In early March 1944, the soldiers were put on trial and found guilty of disobeying orders and starting a mutiny. They were dishonorably discharged, ordered to forfeit all their pay and allowances, and sentenced to 15 years at Fort Leavenworth. After the war, these men would receive a Presidential Order, cutting their sentences down to three and a half years. At Leavenworth, some of the 1800th soldiers would come in contact with the Heart Mountain Fair Play Committee members, who had been sentenced there for protesting the U.S. government policy of drafting Japanese Americans from U.S. concentration camps.
Once Germany surrendered and the war in Europe ended in May 1945, the 1800th was sent to Camp Shelby in Mississippi. In June 1945, Companies A (German Americans) and C (Italian Americans) were reorganized into the 5000th Quartermaster Service Company. Once Japan surrendered in August 1945, Company B (Japanese Americans) of the 1800th was reorganized into the 4000th Engineer General Service Company and stationed in Camp Shelby. A month later in September 1945, the Secretary of War Major General Clayton Bissell recommended disbanding the 1800th/4000th.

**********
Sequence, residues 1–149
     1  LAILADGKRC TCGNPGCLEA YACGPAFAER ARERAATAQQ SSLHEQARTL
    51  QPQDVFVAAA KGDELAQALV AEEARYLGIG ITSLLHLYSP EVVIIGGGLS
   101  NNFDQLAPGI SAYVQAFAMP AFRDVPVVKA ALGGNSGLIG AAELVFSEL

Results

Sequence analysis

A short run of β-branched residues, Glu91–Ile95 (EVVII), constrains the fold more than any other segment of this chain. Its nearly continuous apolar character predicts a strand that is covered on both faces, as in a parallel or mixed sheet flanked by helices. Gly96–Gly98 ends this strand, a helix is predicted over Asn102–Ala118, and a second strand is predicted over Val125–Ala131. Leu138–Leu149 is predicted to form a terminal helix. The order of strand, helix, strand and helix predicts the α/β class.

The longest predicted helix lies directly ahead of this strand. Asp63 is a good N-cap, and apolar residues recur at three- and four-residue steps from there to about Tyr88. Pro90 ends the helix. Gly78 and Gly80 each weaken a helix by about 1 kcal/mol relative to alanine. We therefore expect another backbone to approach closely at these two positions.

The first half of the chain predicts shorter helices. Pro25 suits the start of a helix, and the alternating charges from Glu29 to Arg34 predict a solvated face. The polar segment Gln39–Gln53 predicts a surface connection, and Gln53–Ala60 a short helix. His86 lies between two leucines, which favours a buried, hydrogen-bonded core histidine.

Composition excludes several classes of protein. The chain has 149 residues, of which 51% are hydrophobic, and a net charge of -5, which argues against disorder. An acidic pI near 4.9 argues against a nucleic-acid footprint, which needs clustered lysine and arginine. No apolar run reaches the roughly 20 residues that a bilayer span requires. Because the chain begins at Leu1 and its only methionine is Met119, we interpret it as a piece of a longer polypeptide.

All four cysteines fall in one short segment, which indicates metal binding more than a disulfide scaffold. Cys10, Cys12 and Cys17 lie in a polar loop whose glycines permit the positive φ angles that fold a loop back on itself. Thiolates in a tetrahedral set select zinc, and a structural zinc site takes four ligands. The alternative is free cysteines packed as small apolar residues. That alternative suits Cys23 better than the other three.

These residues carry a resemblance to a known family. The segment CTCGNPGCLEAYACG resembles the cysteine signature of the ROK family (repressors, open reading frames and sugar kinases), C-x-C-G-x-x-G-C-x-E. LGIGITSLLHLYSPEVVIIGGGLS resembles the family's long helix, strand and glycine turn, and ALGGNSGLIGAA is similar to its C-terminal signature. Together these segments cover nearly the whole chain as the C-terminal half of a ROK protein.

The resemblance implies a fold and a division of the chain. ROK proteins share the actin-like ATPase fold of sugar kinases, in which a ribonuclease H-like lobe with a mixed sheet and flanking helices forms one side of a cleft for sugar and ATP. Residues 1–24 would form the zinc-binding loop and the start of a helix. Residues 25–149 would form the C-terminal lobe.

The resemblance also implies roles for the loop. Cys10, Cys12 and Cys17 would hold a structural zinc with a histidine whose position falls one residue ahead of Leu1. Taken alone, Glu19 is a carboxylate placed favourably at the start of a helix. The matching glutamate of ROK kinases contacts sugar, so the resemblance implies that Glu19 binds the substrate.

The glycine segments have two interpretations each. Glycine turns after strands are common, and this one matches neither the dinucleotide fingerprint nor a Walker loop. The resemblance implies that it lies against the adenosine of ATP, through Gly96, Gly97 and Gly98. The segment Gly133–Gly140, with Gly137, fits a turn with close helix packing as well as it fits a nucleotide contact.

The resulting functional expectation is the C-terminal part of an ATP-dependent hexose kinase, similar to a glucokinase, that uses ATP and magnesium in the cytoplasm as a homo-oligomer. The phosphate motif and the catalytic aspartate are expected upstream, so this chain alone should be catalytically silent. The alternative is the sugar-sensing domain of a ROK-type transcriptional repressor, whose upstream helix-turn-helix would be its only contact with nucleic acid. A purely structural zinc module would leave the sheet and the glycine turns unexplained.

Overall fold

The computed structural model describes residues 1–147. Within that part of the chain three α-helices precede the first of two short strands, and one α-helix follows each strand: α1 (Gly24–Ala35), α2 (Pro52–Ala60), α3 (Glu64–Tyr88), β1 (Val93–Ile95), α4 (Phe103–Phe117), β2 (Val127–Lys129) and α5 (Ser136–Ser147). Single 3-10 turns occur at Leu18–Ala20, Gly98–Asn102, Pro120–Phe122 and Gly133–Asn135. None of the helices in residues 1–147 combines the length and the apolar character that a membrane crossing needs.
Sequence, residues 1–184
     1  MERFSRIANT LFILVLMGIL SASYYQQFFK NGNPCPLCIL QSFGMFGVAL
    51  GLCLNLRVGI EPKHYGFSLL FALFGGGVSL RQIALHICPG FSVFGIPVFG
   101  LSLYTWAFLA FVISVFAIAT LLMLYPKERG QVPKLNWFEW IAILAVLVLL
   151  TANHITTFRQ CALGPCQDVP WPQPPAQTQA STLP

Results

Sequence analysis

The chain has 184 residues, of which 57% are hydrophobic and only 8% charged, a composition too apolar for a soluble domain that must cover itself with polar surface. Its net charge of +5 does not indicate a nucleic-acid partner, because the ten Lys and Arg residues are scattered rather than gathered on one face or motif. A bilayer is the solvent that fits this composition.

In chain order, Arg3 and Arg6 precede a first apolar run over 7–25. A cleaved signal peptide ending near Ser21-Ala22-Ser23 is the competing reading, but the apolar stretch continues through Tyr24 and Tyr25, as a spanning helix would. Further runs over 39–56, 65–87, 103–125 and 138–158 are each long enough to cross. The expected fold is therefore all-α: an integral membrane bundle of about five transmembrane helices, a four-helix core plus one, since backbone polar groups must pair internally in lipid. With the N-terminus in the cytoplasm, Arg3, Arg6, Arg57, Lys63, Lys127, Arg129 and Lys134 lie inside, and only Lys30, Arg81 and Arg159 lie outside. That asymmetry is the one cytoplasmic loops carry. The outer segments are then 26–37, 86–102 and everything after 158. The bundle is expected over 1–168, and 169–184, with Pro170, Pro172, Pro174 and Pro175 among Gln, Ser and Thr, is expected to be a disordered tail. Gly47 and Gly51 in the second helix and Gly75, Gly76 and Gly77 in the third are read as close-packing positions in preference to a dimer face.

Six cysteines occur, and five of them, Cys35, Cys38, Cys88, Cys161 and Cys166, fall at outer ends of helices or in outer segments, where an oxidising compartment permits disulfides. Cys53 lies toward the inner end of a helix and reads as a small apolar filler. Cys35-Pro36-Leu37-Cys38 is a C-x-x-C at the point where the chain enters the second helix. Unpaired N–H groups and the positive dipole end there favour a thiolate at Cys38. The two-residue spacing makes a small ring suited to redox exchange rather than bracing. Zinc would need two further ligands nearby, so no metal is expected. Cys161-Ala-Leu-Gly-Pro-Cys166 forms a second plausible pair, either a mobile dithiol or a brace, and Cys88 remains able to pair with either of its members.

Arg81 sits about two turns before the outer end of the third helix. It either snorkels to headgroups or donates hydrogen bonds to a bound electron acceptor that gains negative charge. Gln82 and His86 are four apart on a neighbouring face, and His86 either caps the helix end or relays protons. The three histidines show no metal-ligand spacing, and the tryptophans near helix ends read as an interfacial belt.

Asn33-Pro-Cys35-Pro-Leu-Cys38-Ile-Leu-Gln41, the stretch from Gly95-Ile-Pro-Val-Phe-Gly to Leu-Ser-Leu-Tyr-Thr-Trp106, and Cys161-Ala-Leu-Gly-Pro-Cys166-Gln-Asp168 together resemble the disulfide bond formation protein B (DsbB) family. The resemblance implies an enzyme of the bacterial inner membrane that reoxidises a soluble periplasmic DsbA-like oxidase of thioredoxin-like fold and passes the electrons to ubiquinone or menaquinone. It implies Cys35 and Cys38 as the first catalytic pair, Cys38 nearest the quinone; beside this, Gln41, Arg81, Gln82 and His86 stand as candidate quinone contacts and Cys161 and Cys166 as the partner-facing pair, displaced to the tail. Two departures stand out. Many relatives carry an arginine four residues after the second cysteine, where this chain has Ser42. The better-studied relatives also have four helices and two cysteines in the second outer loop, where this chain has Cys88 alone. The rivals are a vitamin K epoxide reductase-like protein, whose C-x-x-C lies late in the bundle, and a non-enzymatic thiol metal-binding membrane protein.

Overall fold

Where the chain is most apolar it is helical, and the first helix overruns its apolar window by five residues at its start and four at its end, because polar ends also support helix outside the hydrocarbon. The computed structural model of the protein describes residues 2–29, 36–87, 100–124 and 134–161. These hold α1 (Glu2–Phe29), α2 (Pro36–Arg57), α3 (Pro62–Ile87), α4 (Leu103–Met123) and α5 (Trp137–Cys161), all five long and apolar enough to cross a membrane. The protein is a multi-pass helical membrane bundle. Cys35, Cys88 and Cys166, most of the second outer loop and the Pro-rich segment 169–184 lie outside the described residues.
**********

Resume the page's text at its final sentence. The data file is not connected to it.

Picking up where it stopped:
In December 1945, Captain Hyman Bravin received orders to offer legal assistance to approximately 75 of the 1800th soldiers who were to appear before the Board of Officers to determine their form of discharge. These soldiers were mainly Kibei and spoke with an accent or had difficulty speaking fluent English. Private Shimo acted as Bravin's interpreter. Japanese American soldiers, who spoke English well enough, represented themselves before the Board of Officers. Despite Bravin's best efforts, all the soldiers he represented were given a blue or without honor discharge, disqualifying the men from any veteran's benefits.
In the 1980s, Kiyoshi Kawashima, an 1800th veteran who had received a blue discharge, reconnected with Bravin, who, until that time, had not been aware that the men he had represented had all been given blue discharges. Bravin agreed to represent the 1800th men on a pro bono basis before the Army Discharge Review Board. After two years of preparation, Bravin was informed by the Army Discharge Review Board that the veterans would receive a "favorable finding of fact," which translated to mean that any of the 1800th veterans who applied to have their discharges upgraded would be given one.